or, Why are words spelled so many different ways?

Believe it or not, there's no universally agreed upon way to transcribe Mongolian into the Latin alphabet. If you know Mongolian, it's not too much of a problem, as you can figure out what people mean. And many names exist in more or less standard forms. But it still can be very annoying, especially if you are trying to do something like search for a book title in a library catalogue. The Mongolian government decreed a new, official transcription system in late 2003. This actually just confuses things, since they didn't base theirs on one of the more common systems in use. But for what it is worth, you can download it from the link to the left.

Life is further complicated by the fact that Mongolians in various parts of the world use two different alphabets. Officially since the 1940s, and in reality since the 1950s, the Mongolians of the independent country of Mongolia use a form of Cyrillic that has two more letters than the Russian Cyrillic alphabet. The Mongolians of Inner Mongolia (part of China) use a vertical script, usually referred to as 'Mongol bichig' (bichig just means 'writing'). (Read a brief description of it here.) Mongolia started using this again after the democratic revolution of 1990. However, most people are still not very literate in it, and Cyrillic remains the official alphabet.

I will eventually include a section on language and the different alphabets, but until I do, I will note here that the underlying grammar and spelling is NOT identical in the two alphabets. The grammar is more consistent in bichig, but the spelling more closely follows the pronunciation used in Mongolia today in the Cyrillic form. You can 'convert' between the two, but it isn't always intuitively obvious, at least at first.

Some of the letters are transcribed from both bichig and Cyrillic the same way. But this is by no means true for all of them. And even within one alphabet - say, Cyrillic - the transcriptions can vary. What appears in Cyrillic as an 'X' has traditionally been written in the Latin alphabet as 'Kh'. But this is changing. It is now as common, if not more so, to write it as 'H.' But I've also seen it written as 'X' or even 'Q,' depending on who is doing the transcribing.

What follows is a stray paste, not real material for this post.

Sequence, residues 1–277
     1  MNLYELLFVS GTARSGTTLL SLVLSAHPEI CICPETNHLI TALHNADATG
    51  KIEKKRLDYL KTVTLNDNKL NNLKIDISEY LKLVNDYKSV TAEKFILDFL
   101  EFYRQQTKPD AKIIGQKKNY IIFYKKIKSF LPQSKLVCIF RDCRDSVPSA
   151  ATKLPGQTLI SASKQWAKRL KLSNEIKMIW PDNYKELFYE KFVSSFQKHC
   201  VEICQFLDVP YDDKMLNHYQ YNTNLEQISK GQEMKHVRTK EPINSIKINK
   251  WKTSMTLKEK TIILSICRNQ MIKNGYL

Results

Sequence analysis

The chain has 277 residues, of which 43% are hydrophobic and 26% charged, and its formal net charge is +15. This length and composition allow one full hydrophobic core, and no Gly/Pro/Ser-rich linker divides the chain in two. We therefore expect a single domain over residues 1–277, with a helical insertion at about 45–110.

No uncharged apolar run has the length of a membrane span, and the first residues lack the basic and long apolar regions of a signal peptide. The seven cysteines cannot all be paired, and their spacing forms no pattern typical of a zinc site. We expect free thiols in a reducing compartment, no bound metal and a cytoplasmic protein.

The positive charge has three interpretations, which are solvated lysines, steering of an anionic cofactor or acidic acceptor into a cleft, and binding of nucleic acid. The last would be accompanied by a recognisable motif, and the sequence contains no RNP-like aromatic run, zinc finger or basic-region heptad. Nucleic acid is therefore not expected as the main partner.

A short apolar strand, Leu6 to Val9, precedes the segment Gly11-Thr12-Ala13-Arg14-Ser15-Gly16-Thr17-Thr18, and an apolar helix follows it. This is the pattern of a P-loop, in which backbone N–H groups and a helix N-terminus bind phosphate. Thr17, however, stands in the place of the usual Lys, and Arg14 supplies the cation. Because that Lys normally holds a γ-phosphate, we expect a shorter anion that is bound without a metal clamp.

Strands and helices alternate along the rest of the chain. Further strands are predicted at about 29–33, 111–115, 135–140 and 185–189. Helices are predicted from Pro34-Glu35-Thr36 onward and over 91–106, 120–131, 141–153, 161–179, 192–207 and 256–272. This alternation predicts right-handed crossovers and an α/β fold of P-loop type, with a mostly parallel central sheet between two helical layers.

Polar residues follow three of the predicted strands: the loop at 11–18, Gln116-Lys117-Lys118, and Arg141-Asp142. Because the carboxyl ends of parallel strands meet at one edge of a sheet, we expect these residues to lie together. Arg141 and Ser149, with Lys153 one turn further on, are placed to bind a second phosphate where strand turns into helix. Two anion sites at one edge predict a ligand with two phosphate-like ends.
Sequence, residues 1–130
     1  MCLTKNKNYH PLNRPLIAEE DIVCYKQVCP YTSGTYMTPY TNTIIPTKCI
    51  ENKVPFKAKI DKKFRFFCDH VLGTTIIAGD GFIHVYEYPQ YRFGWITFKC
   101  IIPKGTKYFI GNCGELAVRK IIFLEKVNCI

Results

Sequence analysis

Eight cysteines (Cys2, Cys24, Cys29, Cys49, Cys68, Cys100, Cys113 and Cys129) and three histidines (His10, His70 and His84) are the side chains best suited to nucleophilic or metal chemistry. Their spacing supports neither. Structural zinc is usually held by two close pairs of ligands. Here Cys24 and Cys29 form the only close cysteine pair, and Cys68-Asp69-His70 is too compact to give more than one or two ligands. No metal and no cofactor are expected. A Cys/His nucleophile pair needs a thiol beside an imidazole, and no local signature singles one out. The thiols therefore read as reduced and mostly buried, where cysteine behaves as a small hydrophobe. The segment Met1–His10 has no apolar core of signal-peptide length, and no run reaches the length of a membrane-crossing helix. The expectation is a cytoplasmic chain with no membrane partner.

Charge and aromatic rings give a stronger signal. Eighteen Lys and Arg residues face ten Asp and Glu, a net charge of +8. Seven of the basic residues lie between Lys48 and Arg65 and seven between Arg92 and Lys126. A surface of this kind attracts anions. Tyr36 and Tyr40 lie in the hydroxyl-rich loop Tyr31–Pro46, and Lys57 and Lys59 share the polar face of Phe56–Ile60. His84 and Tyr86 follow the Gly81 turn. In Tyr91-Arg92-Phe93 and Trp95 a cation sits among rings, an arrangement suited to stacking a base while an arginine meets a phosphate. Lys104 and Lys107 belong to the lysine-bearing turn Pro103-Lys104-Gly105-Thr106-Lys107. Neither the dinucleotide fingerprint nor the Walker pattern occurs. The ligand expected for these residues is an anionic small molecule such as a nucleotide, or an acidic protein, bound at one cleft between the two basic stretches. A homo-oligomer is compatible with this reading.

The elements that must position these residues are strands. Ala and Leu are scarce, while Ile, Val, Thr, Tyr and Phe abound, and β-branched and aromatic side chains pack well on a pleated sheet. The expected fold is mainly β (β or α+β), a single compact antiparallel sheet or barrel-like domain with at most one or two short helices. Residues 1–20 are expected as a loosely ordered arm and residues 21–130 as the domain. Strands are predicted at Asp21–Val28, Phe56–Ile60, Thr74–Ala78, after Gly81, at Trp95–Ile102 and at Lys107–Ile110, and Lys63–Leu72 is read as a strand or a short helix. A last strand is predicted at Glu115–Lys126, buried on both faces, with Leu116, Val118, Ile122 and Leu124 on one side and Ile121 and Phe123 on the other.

A similar issue exists when transcribing from the bichig. The letter that is 'X' in Cyrillic is actually two different letters in bichig. This is related to how vowels are classed and treated in Mongolian - there are "male" and "female" vowels (sometimes called "back" and "front" vowels, respectively) - and the 'X' is written slightly differently for each.

All of this goes to explain why you'll find the names of different people, places and terms written differently. Take the word for "people" (usually in the sense of "the people", or "the masses"). It is also often translated incorrectly as "herder." The word from the Cyrillic is easy. It's ard. And any sane transcription system will give you the same result in this case. In bichig, however, the term is arad, which you will also sometimes find written as arat. Thus, the spelling in English (or other Latin alphabet based languages) depends firstly what Mongolian alphabet someone is working from, and secondly on how they are are transcribing it. Nonetheless, you can usually tell what people mean.

AND... All of this does NOT take into account names and words that are more common in English in a corrupted form than in their correct Mongolian form. Genghis, as in Genghis Khan, is one such example. But that will discussion will have to wait for now.

Different transcription system

On the left, you can download the official Mongolian government transcription guidelines. You can also download the transcription systems used by the Library of Congress for Mongol bichig and Cyrillic Mongolian. While the transcription they use for Cyrillic Mongolian they use isn't all that common in academic texts, it is useful to have it for finding stuff in on-line catalogues, which do tend to use it. Please note that the Library of Congress Cyrillic transcription is actually for all the non-Slavic languages, so it's a bigger file. (Over 3.5 Mb.) Just scroll down until you reach Mongolian.

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